• It is a good thing that most astronauts don't snore in space, as all noises are heard while living in such cramped quarters. At least those that are above the ambient noise level which has slowly been rising as more and more experiments and equipment is installed on the ISS, although some improvements have been made. All ISS astronauts used to have to wear earplugs all day, but now are only required to wear them 2-4 hours per day. That did not stop two ISS crewmen from suffering permanent hearing loss during their 6-month stay that ended in April.2006, as reported by Russian authorities, though NASA refuses to comment on the health of individual astronauts. The living quarters of the ISS is the noisiest module, with current goals in the sleeping cubicles at a maximum of 50 decibels (dB) and in the work area of 60 dB. Decibels are measured on a logarithmic scale, meaning 60 dB is 10 times louder than 50dB. For comparison, most window air conditioning units or washing machines or your electric toothbrush operate at noise levels of around 50 dB, while phones, alarm clocks and vacuum cleaners operate at around 60dB.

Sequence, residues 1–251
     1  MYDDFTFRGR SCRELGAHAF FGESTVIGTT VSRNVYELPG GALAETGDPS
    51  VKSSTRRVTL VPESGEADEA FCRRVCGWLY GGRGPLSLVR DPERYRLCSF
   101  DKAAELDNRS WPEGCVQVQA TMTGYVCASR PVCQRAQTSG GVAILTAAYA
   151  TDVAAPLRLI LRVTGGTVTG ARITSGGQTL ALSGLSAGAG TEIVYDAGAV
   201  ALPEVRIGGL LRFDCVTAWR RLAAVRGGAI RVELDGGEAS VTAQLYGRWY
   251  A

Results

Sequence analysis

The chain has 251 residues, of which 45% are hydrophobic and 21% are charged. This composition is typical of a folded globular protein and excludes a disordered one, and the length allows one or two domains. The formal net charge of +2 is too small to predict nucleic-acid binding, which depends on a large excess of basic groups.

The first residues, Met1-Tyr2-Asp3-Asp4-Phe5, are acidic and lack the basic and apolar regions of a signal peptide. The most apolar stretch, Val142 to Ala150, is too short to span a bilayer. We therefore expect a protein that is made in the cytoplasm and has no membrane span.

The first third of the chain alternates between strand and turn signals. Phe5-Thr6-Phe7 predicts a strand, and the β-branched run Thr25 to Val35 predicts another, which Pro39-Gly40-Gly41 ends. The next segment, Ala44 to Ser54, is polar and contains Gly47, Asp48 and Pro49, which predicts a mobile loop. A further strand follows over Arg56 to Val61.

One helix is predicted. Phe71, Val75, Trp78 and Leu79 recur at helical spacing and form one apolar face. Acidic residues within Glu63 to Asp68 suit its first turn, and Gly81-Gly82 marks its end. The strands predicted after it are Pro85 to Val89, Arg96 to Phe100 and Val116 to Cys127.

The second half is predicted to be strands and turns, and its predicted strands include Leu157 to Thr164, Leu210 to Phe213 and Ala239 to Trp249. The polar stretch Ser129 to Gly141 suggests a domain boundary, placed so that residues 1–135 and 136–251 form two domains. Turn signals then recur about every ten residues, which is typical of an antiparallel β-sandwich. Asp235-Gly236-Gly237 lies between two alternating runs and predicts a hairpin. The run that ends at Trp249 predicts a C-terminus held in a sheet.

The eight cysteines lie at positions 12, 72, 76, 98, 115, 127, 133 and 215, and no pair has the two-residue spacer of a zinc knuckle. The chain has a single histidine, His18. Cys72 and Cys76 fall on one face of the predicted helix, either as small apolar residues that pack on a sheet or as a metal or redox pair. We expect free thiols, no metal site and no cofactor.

• While there are some funny videos of ISS crew members eating in space, in truth it is more of a chore than a pleasure. While swallowing in zero gravity is not really a problem, getting some flavor into what astronauts swallow has been. Salt and pepper spices in liquid form have been included. All food is canned dehydrqted or otherwise packaged so it doesn't need to be refrigerated. In fact, there isn't anything served cold on the ISS, it is either heated or served at room temperature, nor is their any fresh fruits, vegetables, etc. Most things have some sort of sauce on them so that they will stick to a spoon, a fork is not needed. And of course the antics of squeezing things from plastic pouches and maneuvering food from containers to mouths requires a lot of concentration. It is not a good idea to have bits of dinner floating about in the space station...